Two youth facilities in federally assisted communities to be remodeled
By MARY JEAN SPADAFORA
Bellevue Reporter Staff Writer, Staff Writer
July 4, 2012 · Updated 6:03 AM
Youth facilities at two East Bellevue federally assisted housing communities are being expanded to provide more after-school programs for low-income children.
After the remodels, the Bellevue Boys and Girls Clubs clubhouses at Spiritwood Manor, 1424 148th Ave. SE and Hidden Village at 14508 SE 24th St. will aim to provide better educational opportunities to adolescents by connecting extra-curricular activities with the children's' school activities.
KCHA has partnered with the Bellevue School District, Eastside Pathways and the Boys and Girls Clubs of Bellevue to design the program model for the two locations. The facilities, once complete, will include classrooms, multipurpose activity rooms, computer labs and art rooms.
"The intent by the Housing Authority is that, while it is very important to provide safe and stable housing...it's not enough," said KCHA spokesperson, Rhonda Rosenburg. "For kids to be competitive in the marketplace when they grow up, they need to do well in school as kids."
The expansion initiative began last year, focusing on 17 assisted housing communities in King County, in an effort to renovate youth facilities and create adult career development resources by working with Head Start. Larger communities, like Greenbridge in White Center and the Springwood Apartments in Kent, were targeted first.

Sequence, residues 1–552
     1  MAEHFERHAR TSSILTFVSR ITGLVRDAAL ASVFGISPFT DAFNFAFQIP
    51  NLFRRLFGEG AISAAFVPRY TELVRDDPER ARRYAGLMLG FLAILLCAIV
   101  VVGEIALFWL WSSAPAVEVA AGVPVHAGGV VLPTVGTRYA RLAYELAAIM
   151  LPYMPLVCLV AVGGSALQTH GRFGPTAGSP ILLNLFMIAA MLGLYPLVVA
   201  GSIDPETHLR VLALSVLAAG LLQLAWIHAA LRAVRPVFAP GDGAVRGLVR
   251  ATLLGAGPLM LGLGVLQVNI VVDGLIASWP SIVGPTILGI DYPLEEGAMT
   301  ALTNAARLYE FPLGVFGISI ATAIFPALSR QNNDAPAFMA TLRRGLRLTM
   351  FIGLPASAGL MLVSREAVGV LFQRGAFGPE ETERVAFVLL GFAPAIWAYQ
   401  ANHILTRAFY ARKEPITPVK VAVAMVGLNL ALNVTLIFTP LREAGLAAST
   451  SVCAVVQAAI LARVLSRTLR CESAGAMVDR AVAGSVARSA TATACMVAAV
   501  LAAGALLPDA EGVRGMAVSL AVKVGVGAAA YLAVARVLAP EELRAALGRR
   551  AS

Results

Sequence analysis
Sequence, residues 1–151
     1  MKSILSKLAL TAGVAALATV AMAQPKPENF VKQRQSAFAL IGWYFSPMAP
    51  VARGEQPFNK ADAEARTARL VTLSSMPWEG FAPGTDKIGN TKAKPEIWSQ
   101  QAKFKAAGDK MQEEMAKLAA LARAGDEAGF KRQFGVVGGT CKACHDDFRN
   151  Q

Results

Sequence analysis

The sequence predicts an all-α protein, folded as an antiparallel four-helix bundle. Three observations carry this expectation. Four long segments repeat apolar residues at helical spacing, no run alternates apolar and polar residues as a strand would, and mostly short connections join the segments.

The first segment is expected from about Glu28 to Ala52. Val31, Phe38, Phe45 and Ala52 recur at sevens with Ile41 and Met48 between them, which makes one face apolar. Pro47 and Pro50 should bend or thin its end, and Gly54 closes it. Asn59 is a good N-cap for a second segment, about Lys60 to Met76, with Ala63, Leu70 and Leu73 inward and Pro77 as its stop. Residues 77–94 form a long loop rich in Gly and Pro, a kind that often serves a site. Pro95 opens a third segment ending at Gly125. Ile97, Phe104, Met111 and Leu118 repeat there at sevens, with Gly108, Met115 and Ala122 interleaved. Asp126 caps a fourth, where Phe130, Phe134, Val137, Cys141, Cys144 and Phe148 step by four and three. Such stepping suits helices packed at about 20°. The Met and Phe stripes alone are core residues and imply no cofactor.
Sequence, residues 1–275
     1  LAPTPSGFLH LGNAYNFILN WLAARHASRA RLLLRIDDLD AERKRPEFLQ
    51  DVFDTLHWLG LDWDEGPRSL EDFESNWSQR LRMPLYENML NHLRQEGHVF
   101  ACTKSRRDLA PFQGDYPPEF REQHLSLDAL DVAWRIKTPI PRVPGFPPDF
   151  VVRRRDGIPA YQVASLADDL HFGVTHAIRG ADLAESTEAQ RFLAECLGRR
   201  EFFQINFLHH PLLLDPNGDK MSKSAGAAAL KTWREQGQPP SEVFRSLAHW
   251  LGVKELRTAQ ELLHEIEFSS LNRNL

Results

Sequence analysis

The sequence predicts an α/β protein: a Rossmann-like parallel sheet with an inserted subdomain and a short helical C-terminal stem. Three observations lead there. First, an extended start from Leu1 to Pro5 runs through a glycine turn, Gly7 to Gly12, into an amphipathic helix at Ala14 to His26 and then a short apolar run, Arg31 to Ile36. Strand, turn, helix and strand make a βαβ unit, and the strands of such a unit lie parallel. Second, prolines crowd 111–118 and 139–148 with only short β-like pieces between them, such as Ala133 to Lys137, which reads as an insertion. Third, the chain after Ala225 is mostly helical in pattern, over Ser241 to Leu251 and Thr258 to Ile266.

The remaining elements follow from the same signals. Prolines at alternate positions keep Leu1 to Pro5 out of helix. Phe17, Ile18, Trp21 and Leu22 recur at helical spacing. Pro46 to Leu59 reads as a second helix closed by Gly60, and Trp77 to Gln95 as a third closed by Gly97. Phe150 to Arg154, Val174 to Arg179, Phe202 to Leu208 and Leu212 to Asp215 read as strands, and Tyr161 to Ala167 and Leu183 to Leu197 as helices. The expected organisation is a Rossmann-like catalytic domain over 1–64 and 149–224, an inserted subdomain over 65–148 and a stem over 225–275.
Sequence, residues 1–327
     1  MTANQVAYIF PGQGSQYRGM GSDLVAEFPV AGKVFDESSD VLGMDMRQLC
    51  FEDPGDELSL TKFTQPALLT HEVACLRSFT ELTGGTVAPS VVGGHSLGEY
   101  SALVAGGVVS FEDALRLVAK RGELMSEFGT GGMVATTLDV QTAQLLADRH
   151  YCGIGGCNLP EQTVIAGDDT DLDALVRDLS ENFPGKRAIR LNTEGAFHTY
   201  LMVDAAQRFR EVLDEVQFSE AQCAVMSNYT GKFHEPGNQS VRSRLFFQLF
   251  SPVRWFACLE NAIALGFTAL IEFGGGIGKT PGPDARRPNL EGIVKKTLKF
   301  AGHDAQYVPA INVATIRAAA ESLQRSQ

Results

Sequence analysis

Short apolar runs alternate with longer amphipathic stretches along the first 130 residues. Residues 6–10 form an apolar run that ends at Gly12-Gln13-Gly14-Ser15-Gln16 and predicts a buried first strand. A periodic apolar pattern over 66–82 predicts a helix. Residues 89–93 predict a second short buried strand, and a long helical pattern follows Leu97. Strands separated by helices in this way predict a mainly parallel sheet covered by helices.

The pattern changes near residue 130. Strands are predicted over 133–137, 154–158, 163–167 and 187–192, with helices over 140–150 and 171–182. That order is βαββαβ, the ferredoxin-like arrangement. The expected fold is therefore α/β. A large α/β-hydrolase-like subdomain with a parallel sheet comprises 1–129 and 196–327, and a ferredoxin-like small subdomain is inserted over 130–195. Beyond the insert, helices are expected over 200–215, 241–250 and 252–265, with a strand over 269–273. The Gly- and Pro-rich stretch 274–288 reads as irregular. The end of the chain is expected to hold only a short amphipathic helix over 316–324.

As the focus shifted from larger communities to smaller developments, KCHA found the opportunity to work more closely with parents, school districts and nonprofit providers to improve youth programs.
Bellevue BGC aims to provide academic programs specific to the youth in Spiritwood Manor and Hidden Village. Eastside Pathways, an organization that works to provide children with a fulfilling and successful life from cradle to career, will work with BGC, the school district and the housing authority to address gaps in each organization's goals for low-income students in those communities.
Using data provided by the Bellevue School District, certain subjects, tutors, study skill workshops, or other academic support would be provided. Teachers in the district also plan to keep lines of communication open with students, parents and BGC staff to ensure students don't fall through the cracks.
"It's really more of a connect the dots effort," said Eastside Pathways president, Bill Henningsgaard.
Kathy Haggart, CEO of Bellevue BGC, said the partnerships enable staff members to adjust programming to what kids need academically, while partnering those goals with physical and nutritional programming provided by BGC staff. The holistic approach helps adolescents learn how to make smart decisions in life, she said.
"It's a terrific example of how different organizations can work together for kids and families," she said.
Funding for the $2 million budget to renovate the Spiritwood Manor and Hidden Village clubhouses comes from property revenues and internal resources. Each assisted housing property has a different funding model based on federal grants, state funding and internal revenue. Construction on each facility began as money became available.
Currently, KCHA is redesigning seven youth facilities. Construction on Spiritwood Manor and Hidden Village is expected to be complete in spring 2013. A teen club in Lake hills will open July 12 and provide programming for middle and high school students.
While the Spiritwood Manor and Hidden Village clubhouses are closed for construction, youth in these communities will have access to either the Eastside Terrace Clubhouse at 704 147th Pl SE or the South Bellevue Community Center Clubhouse at 14509 SE Newport Way.Contact Bellevue Reporter Staff Writer, Staff Writer Mary Jean Spadafora at email@example.com or 425-453-4270, ext. 28-5058.